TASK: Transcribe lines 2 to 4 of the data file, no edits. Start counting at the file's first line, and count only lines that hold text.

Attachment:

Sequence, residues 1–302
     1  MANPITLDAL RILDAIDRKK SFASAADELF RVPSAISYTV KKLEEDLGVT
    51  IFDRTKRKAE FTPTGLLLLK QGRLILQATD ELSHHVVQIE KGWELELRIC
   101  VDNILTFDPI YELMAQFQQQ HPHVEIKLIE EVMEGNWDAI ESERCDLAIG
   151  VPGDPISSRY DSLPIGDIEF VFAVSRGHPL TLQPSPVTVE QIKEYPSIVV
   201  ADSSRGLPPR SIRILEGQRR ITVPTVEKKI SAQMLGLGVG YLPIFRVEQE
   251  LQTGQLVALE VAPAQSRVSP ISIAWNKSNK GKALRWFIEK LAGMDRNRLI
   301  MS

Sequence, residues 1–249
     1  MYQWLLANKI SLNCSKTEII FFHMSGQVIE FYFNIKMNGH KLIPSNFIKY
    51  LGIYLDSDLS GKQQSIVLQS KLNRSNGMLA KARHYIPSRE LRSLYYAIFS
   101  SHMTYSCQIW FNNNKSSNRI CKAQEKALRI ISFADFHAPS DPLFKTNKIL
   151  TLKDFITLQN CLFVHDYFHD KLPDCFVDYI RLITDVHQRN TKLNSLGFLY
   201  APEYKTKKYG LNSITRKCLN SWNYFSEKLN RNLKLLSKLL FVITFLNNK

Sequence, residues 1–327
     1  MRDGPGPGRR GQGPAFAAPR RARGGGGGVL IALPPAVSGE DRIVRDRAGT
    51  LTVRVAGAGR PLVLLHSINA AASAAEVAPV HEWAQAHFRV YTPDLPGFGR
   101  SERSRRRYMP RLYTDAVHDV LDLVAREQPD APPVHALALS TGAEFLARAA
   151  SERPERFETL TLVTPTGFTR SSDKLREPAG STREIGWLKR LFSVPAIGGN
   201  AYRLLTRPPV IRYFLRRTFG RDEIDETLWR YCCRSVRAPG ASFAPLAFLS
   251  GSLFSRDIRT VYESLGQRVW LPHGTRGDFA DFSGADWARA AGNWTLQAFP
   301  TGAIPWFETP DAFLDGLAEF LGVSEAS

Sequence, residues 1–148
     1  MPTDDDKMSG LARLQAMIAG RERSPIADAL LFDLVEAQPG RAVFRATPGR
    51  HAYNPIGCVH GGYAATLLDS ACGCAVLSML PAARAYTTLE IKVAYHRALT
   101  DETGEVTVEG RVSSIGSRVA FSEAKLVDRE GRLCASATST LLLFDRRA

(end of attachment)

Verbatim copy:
     1  MANPITLDAL RILDAIDRKK SFASAADELF RVPSAISYTV KKLEEDLGVT
    51  IFDRTKRKAE FTPTGLLLLK QGRLILQATD ELSHHVVQIE KGWELELRIC
   101  VDNILTFDPI YELMAQFQQQ HPHVEIKLIE EVMEGNWDAI ESERCDLAIG